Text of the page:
Improving handwashing with soap practices can save children’s lives by reducing preventable diseases like diarrhea and acute respiratory infections. Despite its effectiveness in reducing disease, handwashing with soap is uncommon in many countries.
The Water and Sanitation Program (WSP) conducted research with local partners in Peru, Senegal, Tanzania, and Vietnam to understand the factors that affect an individual’s decision to practice handwashing with soap. The research informed the implementation of handwashing project activities in the four countries.
Following national and local government implementation, WSP and its partners gathered valuable lessons, which inform this handwashing with soap toolkit. The toolkit, intended for practitioners interested in behavior change, is organized into four modules, each with reports and presentations about the lessons learned from the projects, as well as mass media, direct consumer contact, and interpersonal communication tools used throughout the project.
The Sanitation Marketing (SanMark) Community of Practice is a WASH Reference Group initiative supported by the AusAID Innovations Fund and managed by WaterAid Australia.
The WASH Reference Group is an Australian-based Community of Practice comprising 25 organisations working on water, sanitation and hygiene promotion in developing countries, including NGOs, research organisations and the Australian water industry.
The website provides information on SanMark webinars and in-country training events. Visitors to the website can submit a question (Ask an Expert), contribute a case study, story, experience or photographs to the SanMark blog, and apply online for a SanMark practitioner training. There is also section on resources (links and tools) and news.
SWASH+ is an action-research and advocacy project focused on increasing the scale, impact and sustainability of school water, sanitation and hygiene (WASH) interventions in Kenya. Since September 2006, SWASH+ has worked in 185 primary schools in four districts in Nyanza Province, Kenya to identify challenges and analyse innovative solutions for sustaining school WASH. The project’s randomized controlled trials and numerous sub-studies have resulted in a compendium of journal articles, research reports, one-page research summaries, stories from the field, photo essays and videos now available on the new SWASH+ website.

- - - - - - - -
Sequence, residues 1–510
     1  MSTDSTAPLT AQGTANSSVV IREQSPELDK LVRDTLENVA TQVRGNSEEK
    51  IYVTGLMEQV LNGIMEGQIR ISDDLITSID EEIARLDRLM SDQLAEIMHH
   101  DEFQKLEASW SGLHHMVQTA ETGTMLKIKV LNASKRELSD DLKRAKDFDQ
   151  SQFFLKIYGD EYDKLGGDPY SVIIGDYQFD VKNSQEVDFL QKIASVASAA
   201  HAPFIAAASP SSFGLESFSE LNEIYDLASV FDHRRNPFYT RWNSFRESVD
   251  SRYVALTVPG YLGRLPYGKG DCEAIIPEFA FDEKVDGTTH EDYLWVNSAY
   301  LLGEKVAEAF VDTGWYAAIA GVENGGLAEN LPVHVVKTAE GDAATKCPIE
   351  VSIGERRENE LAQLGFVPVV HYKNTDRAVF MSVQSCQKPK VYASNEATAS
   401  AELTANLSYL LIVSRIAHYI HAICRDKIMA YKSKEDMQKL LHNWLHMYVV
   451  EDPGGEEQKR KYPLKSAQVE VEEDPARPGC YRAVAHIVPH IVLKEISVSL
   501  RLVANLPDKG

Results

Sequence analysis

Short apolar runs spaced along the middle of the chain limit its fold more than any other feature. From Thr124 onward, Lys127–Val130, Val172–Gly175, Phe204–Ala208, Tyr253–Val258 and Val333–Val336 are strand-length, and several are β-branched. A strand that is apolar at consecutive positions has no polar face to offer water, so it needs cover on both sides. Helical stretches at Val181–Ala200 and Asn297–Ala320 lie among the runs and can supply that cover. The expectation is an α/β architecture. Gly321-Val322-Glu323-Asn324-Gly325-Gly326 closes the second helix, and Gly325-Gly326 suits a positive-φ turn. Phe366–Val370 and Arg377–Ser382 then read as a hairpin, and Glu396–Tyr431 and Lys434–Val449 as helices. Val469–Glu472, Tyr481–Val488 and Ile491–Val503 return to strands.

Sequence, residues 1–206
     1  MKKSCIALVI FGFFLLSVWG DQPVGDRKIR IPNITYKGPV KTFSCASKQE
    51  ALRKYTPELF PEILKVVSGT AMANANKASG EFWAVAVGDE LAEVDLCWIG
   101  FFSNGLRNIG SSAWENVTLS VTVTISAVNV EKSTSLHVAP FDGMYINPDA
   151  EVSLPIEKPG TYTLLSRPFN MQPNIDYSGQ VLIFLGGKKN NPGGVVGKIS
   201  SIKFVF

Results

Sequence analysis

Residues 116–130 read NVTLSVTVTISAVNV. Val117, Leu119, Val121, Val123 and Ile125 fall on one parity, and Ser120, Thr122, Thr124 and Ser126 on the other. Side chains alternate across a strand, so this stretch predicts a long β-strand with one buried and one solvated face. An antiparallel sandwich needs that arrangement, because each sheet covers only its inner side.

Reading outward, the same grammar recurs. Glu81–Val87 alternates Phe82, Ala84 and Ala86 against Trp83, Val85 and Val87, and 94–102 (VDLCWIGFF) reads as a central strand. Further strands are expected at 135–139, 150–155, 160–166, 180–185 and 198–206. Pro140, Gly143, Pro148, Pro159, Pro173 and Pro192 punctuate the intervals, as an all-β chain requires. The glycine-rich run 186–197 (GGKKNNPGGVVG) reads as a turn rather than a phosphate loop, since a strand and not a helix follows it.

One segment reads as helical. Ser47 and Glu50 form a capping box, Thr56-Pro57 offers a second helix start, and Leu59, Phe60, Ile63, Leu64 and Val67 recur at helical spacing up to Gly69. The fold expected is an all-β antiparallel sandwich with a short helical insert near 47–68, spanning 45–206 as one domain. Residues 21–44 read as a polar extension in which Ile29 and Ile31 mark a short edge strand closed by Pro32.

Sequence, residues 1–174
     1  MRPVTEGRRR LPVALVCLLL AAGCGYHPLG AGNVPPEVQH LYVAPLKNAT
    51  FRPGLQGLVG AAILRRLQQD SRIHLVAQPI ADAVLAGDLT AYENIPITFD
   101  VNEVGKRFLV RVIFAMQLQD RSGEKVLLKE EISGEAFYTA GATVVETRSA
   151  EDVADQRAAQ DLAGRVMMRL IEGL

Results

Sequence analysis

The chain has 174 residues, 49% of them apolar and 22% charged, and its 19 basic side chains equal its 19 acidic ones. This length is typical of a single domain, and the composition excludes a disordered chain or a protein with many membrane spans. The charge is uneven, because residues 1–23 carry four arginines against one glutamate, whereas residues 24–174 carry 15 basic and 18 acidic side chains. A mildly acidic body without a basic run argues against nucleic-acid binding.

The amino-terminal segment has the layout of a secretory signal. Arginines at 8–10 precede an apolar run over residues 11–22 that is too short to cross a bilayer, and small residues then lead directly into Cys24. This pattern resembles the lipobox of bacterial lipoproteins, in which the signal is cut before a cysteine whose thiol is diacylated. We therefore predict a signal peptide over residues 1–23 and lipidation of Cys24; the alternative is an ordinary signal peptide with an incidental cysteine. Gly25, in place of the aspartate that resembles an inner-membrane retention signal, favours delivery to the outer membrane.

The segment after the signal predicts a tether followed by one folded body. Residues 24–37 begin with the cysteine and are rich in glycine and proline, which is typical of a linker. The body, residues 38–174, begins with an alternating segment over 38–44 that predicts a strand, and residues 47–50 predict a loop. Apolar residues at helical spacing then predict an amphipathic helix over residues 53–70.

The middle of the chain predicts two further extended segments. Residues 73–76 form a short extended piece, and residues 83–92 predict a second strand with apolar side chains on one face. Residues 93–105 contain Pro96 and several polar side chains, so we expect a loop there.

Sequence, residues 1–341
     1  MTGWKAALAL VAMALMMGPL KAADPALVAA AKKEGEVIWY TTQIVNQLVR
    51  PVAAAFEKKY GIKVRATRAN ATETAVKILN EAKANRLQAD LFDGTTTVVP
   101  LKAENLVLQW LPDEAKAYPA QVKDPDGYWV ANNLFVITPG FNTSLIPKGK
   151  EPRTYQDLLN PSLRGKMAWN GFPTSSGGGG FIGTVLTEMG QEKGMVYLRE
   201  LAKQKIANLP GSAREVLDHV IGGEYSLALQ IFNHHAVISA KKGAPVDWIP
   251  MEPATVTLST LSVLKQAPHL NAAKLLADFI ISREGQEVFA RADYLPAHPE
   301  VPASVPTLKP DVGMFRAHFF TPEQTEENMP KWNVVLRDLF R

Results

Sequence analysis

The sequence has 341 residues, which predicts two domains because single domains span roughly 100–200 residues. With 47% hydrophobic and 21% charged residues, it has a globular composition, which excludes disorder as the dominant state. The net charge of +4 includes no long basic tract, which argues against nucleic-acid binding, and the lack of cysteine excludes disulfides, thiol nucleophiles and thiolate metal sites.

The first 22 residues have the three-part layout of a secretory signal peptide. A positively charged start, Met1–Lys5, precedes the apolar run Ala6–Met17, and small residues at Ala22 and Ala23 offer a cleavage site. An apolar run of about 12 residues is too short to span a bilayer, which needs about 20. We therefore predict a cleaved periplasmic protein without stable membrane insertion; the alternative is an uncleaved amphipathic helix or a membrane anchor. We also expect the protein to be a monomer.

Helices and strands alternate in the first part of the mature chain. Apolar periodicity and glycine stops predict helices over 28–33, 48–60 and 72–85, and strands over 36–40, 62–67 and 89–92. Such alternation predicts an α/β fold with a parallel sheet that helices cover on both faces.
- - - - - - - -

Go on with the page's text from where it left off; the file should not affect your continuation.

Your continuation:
From day one the project was designed with a strong advocacy-for-policy-change focus in order to contribute to successful implementation of school WASH throughout Kenya. SWASH+ research directly contributed to the Kenya’s Ministry of Education decision to double funding for school WASH (US$ 840,000/year) with potentially more to come. SWASH+ Research also helped bring national attention to the menstrual hygiene needs of school-aged girls in Kenya, resulting in a government allocation of US$ 3.4 million for sanitary pads for school girls this year.
Now the launch of the new website brings the voices of students, teachers, staff and government officials to a global audience along with years of research and lessons learned.
The partners that form the SWASH+ consortium are CARE, Emory University, the Great Lakes University of Kisumu, the Government of Kenya, and Water.org. SWASH+ is funded by the Bill & Melinda Gates Foundation and the Global Water Challenge. The new website is created and hosted by IRC International Water and Sanitation Centre.
This website collects information on urban waste management with an emphasis on low and middle income Countries. There are links to relevant sites, tools, events, news and organisations. Information can be accessed by different waste management processes and topics, waste types, and countries/regions. There is a section on trends in urban waste management and a blog. To access all information, you need to register.
The portal is an activity of the Promoting Integrated Sustainable Waste Management through Public Private Partnerships (PPP-ISWM) programme, in short. The Programme is jointly implemented by the UNDP Public Private Partnerships Programme (UNDP PPPSD) and WASTE, a Netherlands-based NGO.